The Federal Energy Regulatory Commission has chastised a fellow agency for delays in biological reviews needed to renew licenses of hydroelectric projects in the Carolinas and Georgia.
Duke Energy has long chafed at delays by the National Marine Fisheries Service in assessing the impacts of its Catawba River project on the endangered shortnose sturgeon. Duke had hoped to get a new license in 2008.
In a letter Monday to the fisheries service, Jeff Wright, the director of FERC's Office of Energy Projects said a 135-day consultation period had passed for a half-dozen projects. Among them: Duke on the Catawba, Progress Energy on the Yadkin River, the S.C. Public Service Authority's Santee-Cooper project and S.C. Electric and Gas' Saluda project.
"We recognize the importance of protecting endangered species and the benefit of having biological opinions from NMFS to inform our licensing decisions," Wright wrote the fisheries service. "However, neither the public interest nor the listed species under consultation are served by the delays in our ability to act on license applications that will advance the protection of listed species."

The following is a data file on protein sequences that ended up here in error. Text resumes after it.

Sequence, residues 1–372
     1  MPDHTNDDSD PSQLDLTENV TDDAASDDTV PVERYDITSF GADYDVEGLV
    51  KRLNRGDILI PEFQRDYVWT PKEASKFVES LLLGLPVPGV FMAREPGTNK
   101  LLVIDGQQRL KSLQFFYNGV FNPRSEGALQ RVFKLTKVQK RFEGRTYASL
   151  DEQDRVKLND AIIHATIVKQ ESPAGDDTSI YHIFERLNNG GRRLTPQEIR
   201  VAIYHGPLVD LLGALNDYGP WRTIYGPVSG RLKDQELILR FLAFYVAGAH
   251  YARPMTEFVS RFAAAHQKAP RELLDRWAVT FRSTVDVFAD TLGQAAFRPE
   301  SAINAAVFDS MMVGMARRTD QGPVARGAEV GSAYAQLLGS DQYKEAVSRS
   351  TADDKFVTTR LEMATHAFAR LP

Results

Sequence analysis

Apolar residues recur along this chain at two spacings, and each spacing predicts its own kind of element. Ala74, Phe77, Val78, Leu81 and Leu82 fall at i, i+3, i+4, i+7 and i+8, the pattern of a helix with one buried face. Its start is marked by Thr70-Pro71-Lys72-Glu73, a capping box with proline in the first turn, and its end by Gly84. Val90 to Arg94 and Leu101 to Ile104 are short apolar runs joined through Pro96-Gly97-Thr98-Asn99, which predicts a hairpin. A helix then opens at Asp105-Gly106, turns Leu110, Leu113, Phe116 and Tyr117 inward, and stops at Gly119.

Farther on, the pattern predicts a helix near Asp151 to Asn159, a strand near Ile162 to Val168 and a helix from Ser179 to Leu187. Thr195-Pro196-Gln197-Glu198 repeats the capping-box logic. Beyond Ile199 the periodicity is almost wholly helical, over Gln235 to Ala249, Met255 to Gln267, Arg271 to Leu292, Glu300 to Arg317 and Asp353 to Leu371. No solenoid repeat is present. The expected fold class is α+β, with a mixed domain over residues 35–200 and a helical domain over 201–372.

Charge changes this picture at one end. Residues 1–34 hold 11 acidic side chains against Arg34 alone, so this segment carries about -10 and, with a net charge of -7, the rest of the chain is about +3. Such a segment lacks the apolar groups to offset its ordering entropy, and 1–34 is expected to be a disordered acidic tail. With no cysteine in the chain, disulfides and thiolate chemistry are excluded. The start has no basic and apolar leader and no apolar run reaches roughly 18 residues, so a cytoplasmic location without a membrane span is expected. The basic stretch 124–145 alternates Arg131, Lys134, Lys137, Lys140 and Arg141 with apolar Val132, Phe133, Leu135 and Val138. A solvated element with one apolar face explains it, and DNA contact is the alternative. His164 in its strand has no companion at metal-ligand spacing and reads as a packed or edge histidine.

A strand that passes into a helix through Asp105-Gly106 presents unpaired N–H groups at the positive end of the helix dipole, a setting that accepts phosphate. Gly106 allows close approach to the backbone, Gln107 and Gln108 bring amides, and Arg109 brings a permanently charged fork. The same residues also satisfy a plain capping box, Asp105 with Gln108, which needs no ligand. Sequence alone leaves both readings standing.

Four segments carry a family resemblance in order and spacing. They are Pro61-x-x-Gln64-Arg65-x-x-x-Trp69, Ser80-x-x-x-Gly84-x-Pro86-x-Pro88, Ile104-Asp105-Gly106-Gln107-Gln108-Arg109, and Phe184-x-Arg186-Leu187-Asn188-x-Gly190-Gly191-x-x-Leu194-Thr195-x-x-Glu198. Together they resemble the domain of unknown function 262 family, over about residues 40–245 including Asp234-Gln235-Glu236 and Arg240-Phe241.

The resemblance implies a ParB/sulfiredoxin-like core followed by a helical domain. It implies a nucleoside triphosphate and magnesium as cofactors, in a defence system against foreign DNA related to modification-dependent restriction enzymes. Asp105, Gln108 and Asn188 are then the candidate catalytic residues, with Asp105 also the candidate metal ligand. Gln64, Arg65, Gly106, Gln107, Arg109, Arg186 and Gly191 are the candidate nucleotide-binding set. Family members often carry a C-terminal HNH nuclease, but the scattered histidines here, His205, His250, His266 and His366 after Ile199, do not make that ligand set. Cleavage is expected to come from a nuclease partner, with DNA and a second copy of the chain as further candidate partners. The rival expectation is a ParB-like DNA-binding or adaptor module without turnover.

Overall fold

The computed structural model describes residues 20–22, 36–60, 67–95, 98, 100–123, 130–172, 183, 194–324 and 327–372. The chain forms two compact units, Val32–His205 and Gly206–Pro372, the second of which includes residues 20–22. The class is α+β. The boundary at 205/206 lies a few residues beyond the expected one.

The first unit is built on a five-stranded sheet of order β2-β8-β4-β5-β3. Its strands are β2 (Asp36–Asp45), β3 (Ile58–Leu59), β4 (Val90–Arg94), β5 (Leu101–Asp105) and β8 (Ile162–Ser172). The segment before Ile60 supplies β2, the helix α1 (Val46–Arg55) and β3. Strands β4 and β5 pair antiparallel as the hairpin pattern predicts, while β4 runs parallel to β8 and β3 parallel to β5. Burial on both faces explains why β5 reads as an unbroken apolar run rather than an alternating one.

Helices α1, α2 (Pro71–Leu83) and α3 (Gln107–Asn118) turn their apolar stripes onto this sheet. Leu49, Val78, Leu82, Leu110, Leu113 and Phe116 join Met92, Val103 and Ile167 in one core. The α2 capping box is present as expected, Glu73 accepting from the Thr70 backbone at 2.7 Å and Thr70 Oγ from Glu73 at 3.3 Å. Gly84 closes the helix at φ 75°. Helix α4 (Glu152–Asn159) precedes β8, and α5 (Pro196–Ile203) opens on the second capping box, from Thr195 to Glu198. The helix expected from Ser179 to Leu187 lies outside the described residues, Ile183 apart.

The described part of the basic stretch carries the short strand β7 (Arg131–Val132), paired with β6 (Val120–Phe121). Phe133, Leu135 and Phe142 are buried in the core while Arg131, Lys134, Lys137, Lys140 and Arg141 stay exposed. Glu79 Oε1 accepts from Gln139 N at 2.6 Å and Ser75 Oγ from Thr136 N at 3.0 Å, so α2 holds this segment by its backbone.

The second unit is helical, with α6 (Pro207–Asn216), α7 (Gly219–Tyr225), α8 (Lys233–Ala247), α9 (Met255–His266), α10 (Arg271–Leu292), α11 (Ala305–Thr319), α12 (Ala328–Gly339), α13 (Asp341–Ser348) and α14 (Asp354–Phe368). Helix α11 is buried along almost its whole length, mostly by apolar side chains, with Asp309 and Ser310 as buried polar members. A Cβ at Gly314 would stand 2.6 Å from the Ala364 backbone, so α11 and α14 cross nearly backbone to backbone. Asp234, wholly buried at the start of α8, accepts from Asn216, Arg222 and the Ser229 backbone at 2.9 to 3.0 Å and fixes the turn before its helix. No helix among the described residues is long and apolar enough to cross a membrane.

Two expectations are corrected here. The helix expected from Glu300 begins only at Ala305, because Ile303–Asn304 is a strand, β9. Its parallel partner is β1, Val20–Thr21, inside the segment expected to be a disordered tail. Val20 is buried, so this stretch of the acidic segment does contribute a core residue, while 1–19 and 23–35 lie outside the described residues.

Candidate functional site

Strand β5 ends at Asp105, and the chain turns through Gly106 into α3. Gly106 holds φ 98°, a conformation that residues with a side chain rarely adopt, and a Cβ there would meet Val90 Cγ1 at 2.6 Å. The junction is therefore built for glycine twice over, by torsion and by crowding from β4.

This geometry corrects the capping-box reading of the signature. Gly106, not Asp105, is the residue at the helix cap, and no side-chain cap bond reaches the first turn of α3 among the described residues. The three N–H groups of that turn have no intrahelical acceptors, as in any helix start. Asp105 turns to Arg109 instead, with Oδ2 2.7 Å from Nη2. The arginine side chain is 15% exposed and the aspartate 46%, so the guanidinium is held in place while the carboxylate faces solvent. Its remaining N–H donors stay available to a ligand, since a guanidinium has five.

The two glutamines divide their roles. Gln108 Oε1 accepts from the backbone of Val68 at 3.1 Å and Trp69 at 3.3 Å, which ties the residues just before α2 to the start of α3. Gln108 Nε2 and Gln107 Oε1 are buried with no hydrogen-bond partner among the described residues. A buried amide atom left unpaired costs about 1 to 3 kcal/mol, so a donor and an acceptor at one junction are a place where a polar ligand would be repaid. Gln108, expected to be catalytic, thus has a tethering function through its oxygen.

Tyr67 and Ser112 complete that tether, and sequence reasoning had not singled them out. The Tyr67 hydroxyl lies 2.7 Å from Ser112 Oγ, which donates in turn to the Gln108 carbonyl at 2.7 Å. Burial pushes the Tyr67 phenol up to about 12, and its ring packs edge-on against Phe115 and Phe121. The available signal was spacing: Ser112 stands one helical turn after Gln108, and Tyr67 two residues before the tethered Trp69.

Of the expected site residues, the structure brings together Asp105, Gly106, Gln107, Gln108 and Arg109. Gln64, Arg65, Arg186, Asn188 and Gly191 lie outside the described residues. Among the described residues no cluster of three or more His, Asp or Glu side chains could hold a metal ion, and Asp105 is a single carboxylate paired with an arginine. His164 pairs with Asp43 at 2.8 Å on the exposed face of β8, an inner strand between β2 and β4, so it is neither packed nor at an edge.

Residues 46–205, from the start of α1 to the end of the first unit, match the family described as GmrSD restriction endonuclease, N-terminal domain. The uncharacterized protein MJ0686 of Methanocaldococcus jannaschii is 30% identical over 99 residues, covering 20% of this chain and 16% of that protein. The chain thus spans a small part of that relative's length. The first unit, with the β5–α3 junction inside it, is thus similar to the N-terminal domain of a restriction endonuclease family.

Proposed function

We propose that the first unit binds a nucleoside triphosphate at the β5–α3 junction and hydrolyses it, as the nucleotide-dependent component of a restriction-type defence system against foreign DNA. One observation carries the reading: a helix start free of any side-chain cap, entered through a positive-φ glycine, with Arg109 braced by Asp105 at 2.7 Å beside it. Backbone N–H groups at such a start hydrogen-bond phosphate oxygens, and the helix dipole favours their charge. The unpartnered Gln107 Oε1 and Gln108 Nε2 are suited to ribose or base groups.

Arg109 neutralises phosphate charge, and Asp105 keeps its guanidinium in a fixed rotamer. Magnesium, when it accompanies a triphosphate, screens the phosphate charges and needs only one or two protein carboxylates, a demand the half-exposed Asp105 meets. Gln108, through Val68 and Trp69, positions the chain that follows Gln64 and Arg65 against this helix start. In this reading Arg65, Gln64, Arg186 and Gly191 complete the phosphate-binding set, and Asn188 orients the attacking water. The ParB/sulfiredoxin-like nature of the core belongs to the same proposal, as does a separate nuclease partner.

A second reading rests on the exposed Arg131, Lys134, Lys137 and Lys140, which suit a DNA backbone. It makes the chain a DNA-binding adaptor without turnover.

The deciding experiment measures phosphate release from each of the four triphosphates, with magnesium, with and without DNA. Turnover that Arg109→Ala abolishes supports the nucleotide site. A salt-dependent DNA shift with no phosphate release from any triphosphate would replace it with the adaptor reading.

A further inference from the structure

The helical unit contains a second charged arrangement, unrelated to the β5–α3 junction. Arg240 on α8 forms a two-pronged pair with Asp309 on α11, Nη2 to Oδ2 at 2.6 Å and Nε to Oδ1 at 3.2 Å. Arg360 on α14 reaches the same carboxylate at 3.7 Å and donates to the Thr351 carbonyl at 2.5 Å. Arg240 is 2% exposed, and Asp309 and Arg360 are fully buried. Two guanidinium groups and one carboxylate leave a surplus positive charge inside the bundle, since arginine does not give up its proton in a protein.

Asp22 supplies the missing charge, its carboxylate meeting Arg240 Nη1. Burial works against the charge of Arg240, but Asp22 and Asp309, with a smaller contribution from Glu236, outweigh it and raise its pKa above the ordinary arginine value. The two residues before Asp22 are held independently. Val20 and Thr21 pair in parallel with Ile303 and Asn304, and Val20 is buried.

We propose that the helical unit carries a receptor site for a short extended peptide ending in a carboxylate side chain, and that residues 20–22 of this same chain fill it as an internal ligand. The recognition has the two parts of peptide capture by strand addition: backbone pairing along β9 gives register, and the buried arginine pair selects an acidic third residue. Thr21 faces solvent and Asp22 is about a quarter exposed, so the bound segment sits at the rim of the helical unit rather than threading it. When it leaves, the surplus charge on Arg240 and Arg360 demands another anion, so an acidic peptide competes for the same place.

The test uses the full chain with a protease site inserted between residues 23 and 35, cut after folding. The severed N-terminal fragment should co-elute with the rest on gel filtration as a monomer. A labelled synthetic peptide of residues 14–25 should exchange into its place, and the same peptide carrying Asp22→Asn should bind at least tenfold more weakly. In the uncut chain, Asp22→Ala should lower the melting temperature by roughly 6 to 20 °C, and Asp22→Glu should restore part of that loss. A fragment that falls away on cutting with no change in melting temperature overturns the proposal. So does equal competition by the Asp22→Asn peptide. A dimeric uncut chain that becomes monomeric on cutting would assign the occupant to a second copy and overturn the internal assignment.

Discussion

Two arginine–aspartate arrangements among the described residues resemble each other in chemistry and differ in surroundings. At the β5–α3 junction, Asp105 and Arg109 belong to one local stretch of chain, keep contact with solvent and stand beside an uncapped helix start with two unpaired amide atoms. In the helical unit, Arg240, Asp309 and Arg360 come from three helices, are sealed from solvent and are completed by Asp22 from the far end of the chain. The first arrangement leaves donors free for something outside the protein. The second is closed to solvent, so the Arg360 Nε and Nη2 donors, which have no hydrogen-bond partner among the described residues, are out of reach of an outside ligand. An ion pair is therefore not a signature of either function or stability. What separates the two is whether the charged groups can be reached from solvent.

The issue is whether hydro dams impede the migrations of sturgeon, an ancient species that swims up coastal rivers to spawn. In Duke's case, the utility says its first dam, built in 1904, came well after the last sturgeon was seen downstream in the Wateree River.
But last year the fish showed they're still capable of swimming far inland. Two sturgeon were tracked last spring to just below Duke's Wateree Dam, the first that blocks the Catawba.
Duke has offered to help wandering sturgeon by increasing the amount of water it releases downstream during each spring's spawning season, expanding their range.